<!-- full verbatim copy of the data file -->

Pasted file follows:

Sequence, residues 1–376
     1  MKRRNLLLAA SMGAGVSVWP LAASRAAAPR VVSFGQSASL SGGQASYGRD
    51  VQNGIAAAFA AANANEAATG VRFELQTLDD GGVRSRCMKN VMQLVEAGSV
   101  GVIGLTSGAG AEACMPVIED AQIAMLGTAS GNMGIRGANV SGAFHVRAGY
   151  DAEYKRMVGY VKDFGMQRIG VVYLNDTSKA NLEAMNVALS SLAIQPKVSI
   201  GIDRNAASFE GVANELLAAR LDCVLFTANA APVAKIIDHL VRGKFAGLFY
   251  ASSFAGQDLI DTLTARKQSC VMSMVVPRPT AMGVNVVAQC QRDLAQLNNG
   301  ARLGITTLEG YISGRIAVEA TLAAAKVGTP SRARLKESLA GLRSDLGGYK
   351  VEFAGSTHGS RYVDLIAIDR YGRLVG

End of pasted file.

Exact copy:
Sequence, residues 1–376
     1  MKRRNLLLAA SMGAGVSVWP LAASRAAAPR VVSFGQSASL SGGQASYGRD
    51  VQNGIAAAFA AANANEAATG VRFELQTLDD GGVRSRCMKN VMQLVEAGSV
   101  GVIGLTSGAG AEACMPVIED AQIAMLGTAS GNMGIRGANV SGAFHVRAGY
   151  DAEYKRMVGY VKDFGMQRIG VVYLNDTSKA NLEAMNVALS SLAIQPKVSI
   201  GIDRNAASFE GVANELLAAR LDCVLFTANA APVAKIIDHL VRGKFAGLFY
   251  ASSFAGQDLI DTLTARKQSC VMSMVVPRPT AMGVNVVAQC QRDLAQLNNG
   301  ARLGITTLEG YISGRIAVEA TLAAAKVGTP SRARLKESLA GLRSDLGGYK
   351  VEFAGSTHGS RYVDLIAIDR YGRLVG